What could possibly go wrong? Well, in my opinion, the answer is “plenty” if you stop for a moment and think about how far we’ve come from the March 2009 lows of the Great Recession.
Proactive investors must now consider future events under a host of different political and economic scenarios. Now is a great time to begin preparing for the fourth quarter of 2019 and the election year 2020.
It’s easy to be pleased with U.S. stocks of every stripe as we enter the 11th year of an economic expansion. Small, medium and large companies are having a great year, as are bonds, growth companies, technology stocks and certain passive index exchange-traded funds or ETFs. The S&P 500 Index continues to outperform nearly every other asset category during the Great Recovery.
The word I believe best describes current investor attitudes is complacency. It’s worth asking investors how they might adjust their positions and potentially lower risk. But common responses to asset allocation and portfolio rebalancing suggestions include “it’s working”, “why change now?”, and “we’re all set.”
Adding exposure now to perennial “losers” seems to be met with laughter and skepticism. Home-country U.S. bias is running rampant.
As the U.S. market continues to outperform, exposure to the unloved and unwanted groups continues to shrink. You may find that your exposure to emerging market stocks, for example, is minuscule or nonexistent, despite excellent long-term performance for this category. And yes, it comes with more volatility and higher risk.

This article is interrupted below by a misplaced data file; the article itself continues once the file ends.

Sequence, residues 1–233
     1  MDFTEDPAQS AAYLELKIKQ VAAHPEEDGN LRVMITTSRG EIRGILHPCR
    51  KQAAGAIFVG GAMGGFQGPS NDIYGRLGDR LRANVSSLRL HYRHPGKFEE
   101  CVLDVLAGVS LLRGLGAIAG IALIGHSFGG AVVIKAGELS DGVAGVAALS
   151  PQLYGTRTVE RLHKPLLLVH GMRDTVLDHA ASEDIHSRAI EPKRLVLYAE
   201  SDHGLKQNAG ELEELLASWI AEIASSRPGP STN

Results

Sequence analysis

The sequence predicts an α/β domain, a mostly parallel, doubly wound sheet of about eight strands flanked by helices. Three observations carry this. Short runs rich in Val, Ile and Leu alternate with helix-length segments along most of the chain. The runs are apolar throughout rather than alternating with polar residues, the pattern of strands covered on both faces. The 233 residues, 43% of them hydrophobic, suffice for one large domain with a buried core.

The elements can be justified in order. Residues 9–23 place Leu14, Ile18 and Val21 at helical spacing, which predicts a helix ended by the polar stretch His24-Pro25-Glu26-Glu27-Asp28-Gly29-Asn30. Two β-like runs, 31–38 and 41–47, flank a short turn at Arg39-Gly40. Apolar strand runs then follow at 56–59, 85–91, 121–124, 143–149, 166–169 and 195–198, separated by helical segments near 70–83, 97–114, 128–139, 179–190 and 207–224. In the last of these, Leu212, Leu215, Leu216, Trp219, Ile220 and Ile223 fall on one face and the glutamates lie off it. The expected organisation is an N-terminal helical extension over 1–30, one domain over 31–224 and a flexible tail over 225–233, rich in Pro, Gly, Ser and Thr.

Global equities tend to be much cheaper than U.S. stocks when considering index characteristics like price/earnings ratios, price/book value, and dividend yields.
Commodities have struggled at times for the past 10 years, racking up annual losses under the forces of deflation, loose monetary policy, and the gig economy.
I believe capital will eventually flow to where it receives the best treatment. So consider adding some underperforming assets to your holdings, including developed global markets, emerging markets, and cash equivalents, if appropriate for your situation. Consider adding a small position if you believe inflation might make a comeback.
Proper diversification offers a chance to improve portfolio performance, cushion market downturns, and capture upside potential from underperforming assets. Lowering volatility can reduce the urge to panic sell in response to sudden market declines when you are more prone to emotional decisions.
Proactively changing your portfolio now, despite what’s working today, requires courage and discipline. Be prepared to be early and wrong, and give changes time to work.
In my experience, the properly diversified portfolio is positive most years, loses less in a down market, and avoids making large bets on a single strategy. Most successful investors have learned that this approach is more than adequate to achieve most, if not all, financial goals.
Mark Daly is an investment management analyst and a financial adviser at The Perpetua Group in Boise. email@example.com